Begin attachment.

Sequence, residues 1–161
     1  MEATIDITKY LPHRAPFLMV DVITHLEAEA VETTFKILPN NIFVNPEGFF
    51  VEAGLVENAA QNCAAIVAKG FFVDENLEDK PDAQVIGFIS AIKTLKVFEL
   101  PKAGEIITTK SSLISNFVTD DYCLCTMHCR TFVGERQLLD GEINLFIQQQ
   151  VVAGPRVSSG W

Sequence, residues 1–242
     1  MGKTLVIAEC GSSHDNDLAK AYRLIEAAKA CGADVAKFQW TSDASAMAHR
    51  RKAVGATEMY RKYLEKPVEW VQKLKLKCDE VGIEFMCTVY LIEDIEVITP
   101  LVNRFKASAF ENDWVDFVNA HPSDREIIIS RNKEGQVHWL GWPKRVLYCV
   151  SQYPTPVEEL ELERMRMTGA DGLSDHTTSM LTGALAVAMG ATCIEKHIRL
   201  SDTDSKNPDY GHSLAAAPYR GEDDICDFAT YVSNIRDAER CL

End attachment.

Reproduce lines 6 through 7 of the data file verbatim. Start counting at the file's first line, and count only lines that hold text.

Sequence, residues 1–242
     1  MGKTLVIAEC GSSHDNDLAK AYRLIEAAKA CGADVAKFQW TSDASAMAHR